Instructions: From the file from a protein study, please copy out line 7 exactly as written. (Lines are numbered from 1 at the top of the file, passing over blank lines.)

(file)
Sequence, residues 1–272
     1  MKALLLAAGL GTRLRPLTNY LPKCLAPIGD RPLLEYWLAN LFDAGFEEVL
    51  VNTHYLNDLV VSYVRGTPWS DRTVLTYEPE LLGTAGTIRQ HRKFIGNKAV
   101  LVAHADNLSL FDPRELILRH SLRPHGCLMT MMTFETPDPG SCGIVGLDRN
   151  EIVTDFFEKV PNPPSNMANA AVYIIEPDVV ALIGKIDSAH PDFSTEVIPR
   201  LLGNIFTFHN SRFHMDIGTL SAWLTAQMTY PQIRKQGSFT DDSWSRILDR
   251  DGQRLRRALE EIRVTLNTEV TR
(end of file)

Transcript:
   251  DGQRLRRALE EIRVTLNTEV TR